When it comes to retiring, a common worry for seniors is outliving their nest egg. In a 2019 report, 49 percent of older Americans cite running out of money as their chief concern1. With the average life expectancy in the United States being almost 79 years old,2 many may be wondering what options they have to prevent them from running out of money.
One way to avoid tapping into your retirement funds is to work longer. By continuing to work a few extra years and contributing to retirement, you can improve your financial outlook. This strategy can offer a couple of advantages. When you delay retiring, it generally increases your social security benefit amount. Plus, it gives you the chance to save more and gives your investments more time to grow. For every additional year spent in the workforce, it is one less year having to use your retirement savings and may decrease the chance of your money running out.
Once a senior turns 62 years old, they become eligible for social security. Many find themselves enrolling immediately to help supplement their retirement income. On average, social security replaces about 40% of one’s pre-retirement income.3 While social security can help with the cost of daily living, there is a significant benefit in waiting to enroll. Waiting to claim social security benefits until the age of 70 can result in higher benefits throughout the beneficiary’s lifetime.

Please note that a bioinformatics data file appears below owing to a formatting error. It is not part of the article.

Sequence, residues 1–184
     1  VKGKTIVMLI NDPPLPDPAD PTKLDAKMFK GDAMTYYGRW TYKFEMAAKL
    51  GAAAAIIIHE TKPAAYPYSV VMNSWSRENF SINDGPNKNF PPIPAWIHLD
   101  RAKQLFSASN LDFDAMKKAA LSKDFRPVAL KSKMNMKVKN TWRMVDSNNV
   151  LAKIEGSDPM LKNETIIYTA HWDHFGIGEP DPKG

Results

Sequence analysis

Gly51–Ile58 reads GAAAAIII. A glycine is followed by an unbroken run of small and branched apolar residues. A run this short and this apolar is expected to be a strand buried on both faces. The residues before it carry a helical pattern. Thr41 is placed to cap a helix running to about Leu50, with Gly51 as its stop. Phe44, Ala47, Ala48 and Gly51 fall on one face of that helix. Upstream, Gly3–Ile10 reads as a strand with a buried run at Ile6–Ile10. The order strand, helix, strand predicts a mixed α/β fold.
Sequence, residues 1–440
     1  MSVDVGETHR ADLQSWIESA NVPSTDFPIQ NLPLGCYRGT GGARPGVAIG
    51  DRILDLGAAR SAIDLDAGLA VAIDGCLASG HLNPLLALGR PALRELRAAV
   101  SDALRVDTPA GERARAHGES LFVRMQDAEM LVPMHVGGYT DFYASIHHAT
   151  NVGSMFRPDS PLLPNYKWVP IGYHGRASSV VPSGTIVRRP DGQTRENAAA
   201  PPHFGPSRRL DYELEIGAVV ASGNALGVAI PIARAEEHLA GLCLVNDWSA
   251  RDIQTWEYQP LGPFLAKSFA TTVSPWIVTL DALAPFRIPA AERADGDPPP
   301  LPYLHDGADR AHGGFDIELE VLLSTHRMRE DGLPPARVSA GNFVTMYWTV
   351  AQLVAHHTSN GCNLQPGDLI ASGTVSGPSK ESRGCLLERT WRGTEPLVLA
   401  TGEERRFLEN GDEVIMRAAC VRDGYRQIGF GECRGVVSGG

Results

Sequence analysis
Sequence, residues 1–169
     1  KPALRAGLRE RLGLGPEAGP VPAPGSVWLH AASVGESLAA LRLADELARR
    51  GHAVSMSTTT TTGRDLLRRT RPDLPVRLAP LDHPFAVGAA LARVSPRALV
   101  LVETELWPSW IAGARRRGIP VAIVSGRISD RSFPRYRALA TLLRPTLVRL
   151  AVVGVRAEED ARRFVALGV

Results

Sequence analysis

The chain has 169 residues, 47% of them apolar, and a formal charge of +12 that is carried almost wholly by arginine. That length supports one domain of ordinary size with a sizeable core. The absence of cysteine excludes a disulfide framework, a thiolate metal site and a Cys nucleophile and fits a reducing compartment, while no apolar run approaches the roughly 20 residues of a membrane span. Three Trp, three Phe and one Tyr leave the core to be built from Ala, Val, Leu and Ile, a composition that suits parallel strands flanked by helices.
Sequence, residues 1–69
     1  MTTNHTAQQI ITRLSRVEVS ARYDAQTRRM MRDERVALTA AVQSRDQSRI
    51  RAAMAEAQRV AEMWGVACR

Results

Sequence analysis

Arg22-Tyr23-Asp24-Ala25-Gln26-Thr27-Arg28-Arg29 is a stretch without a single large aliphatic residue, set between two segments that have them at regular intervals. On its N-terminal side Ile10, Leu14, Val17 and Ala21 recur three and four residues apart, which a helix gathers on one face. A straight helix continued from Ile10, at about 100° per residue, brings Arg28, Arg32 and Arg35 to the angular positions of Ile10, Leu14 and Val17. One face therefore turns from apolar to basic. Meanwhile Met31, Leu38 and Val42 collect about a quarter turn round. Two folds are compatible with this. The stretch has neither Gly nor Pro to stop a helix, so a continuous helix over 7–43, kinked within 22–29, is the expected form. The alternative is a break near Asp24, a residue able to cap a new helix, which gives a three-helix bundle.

Tapping into Your Home Equity
A different solution to this problem may be for seniors to use their home equity to cover their living expenses. A reverse mortgage is a loan available to homeowners who are 62 years and older and allows them to convert a part of their home’s equity into cash or a line of credit. By eliminating their monthly mortgage payment, it can provide extra cash flow throughout their retirement.3 Funds can be used to cover daily expenses, medical bills, or even long-term care. It can also help supplement income whether you decide to continue working or not.
To learn more about how a reverse mortgage can help maximize and extend your retirement savings, contact a licensed loan advisor at 1 (800)976-6211.
4 Your current mortgage(s) and any other existing liens against the property must be paid off at or before closing. You must live in the home as your primary residence, continue to pay required property taxes, homeowners insurance, and maintain the home according to FHA requirements. Failure to meet these requirements can trigger a loan default that may result in foreclosure.